Utilizing the CVA and CVI estimates derived from the entire population described in this study, the generalized asymmetrical RCVs were determined to be −45.2% to 82.4% (decrease to increase), as shown in Table 4. Nevertheless by applying CVA estimates based on duplicate measurements of all study samples and utilizing CVPs instead of CVI, the RCVs obtained were −37.9% to 61.1% and −49.4% to 97.7% for subject 7 and subject 4, respectively.

It means that to positively impact the patient’s report, it is essential to consider all relevant variables that characterize our patients (11). To note that this evaluation requires significant effort to be effective. In fact, key unanswered questions, including determining the reliability of homeostatic setting points and CVP values based on the number of patient results, addressing uncertainty related to analytical components, updating prediction intervals with new results, and incorporating physiological drift due to seasonal and age-related factors, still remains (32). Addressing these questions requires dedicated effort and ongoing studies to provide comprehensive solutions. It is through these continued efforts that we can enhance the patient’s report and improve clinical practice.

The CVA estimate obtained in our study is below the desired. This would suggest that the analytical system employed in our study likely meets these requirements. However, the measurement uncertainty does not follow a linear pattern between the LoQ and the upper measurement limit. It increases near both the LoQ and the upper measurement limit. Therefore, if the measurement result of the analyte falls near the LoQ or the upper measurement limits, the standard deviation (SD) and, consequently, the total variation will be higher. Additionally, if the measurement result is below the LoQ, it cannot be accepted as reliable data, and these results should not be incorporated into further calculations.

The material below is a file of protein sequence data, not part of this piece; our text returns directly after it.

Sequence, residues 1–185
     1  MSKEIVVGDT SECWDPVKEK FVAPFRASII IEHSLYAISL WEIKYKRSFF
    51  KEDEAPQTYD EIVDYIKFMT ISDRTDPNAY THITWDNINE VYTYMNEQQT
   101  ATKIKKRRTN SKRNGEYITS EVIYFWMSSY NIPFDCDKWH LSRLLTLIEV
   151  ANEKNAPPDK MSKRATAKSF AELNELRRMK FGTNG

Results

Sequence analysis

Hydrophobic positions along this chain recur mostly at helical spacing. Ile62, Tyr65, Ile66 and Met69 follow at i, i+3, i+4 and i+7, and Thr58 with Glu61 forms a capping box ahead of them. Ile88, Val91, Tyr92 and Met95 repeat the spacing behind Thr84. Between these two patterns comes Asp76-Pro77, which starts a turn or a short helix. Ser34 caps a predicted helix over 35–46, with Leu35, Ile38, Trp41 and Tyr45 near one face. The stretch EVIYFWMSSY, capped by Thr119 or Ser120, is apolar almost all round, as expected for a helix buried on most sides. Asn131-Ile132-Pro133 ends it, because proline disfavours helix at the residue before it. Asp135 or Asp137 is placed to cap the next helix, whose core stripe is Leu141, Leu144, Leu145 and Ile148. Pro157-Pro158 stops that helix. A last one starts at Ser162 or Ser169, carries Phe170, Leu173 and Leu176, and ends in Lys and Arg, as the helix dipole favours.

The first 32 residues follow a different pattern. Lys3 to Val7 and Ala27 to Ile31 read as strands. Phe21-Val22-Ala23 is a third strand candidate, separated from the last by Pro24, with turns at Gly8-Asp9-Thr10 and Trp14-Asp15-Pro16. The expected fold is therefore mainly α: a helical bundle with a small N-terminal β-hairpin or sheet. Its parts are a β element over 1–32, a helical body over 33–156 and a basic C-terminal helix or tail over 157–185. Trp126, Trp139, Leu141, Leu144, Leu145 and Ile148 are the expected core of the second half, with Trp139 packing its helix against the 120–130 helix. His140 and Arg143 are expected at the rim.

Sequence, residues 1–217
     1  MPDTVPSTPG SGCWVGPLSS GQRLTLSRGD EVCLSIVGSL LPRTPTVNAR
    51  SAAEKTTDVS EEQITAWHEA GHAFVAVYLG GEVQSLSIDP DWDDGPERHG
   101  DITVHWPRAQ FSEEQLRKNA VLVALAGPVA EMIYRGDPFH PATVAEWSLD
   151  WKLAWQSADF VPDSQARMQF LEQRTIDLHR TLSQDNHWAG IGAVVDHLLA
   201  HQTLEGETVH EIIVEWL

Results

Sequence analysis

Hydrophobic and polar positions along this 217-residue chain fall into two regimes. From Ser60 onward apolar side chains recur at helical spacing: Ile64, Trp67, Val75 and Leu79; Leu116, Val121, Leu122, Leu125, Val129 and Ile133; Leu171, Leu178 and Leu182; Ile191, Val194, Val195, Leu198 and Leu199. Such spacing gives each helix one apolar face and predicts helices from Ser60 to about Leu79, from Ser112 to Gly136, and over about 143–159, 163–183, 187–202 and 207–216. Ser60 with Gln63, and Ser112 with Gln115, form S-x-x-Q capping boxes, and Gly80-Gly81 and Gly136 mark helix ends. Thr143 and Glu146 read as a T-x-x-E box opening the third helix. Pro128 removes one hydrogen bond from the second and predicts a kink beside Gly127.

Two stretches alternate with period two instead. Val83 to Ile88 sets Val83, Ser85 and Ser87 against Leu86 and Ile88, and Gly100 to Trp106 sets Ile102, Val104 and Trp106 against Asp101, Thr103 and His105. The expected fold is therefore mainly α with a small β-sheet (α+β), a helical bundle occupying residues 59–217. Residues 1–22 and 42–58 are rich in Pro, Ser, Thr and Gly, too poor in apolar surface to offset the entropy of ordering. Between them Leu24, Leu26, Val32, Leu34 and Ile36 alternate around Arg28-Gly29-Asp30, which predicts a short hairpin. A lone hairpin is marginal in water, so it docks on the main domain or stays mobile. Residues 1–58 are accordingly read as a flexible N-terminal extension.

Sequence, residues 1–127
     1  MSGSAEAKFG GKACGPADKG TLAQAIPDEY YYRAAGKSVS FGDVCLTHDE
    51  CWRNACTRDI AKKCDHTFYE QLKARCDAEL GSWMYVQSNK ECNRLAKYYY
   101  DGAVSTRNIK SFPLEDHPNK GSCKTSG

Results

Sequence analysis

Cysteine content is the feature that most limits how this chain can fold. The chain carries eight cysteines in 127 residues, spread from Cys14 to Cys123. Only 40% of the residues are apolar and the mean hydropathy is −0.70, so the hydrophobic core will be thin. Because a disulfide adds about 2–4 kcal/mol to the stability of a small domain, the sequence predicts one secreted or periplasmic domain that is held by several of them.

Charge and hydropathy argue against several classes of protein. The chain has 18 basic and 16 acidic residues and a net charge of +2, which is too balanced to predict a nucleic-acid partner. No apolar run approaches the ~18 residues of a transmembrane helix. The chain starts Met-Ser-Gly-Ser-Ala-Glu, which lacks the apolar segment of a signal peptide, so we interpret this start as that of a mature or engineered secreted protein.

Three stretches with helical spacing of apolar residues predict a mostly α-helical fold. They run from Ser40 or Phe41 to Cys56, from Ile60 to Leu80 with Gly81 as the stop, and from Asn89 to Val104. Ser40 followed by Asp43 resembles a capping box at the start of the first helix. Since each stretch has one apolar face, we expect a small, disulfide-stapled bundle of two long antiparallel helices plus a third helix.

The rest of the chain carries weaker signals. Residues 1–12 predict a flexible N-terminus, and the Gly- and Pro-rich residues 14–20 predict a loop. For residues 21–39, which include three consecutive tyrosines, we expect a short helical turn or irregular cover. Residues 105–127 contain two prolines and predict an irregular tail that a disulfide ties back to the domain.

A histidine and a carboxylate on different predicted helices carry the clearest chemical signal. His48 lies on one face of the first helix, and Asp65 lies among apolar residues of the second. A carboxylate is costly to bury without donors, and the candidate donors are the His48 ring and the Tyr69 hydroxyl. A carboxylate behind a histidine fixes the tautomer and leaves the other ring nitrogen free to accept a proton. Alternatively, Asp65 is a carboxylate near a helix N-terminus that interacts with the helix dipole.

These issues highlight the limitations of the existing methods. In cases where such limitations arise, the method should be refined to accurately measure the lower levels of the analyte, which correspond to the normal levels found in healthy individuals.

Moreover, it is important to consider the strict pre-analytical protocol employed in this study according to the EuBIVAS (21,22), and the fact that the CVA estimates are based on duplicate analysis of all samples. In routine settings with long-term analysis, it is possible for the CVA estimates to surpass the APS.

In this study, another noteworthy discovery was the identification of NHSPs for NT-proBNP, with values of seven and 12 accompanied by an approximate deviation of 20% and 15% respectively (Table 4). This suggests that when the NT-proBNP concentration is close to the action limit, clinical decision-making might require multiple measurements to ensure accurate interpretation.

Until now, to the best of our knowledge, six papers (4,15-19) have been published that examine the BV of NT-proBNP in healthy individuals. Two of which (18,19) reported BV data diurnal variation, therefore, according to the BIVAC they are not eligible to be included in the meta-analysis.

In the remaining four published papers, CVI estimates range from 10% (16) up to 58% (15). Three of these papers, published prior to the EFLM recommendations, reported BV estimates without CIS measures: this presents a challenge when attempting to make a direct comparison between these historical data and the new data presented in this study. Furthermore, these studies would have been categorized as BIVAC grade C. When assessed using the BIVAC (20) quality evaluation, certain BIVAC quality items (QIs), specifically QI 7 (steady state) and QI 10 (variance homogeneity), were not satisfied. It is likely that publications lacking or inadequately addressing essential details related to BIVAC QIs may result in less reliable CVI estimates (33).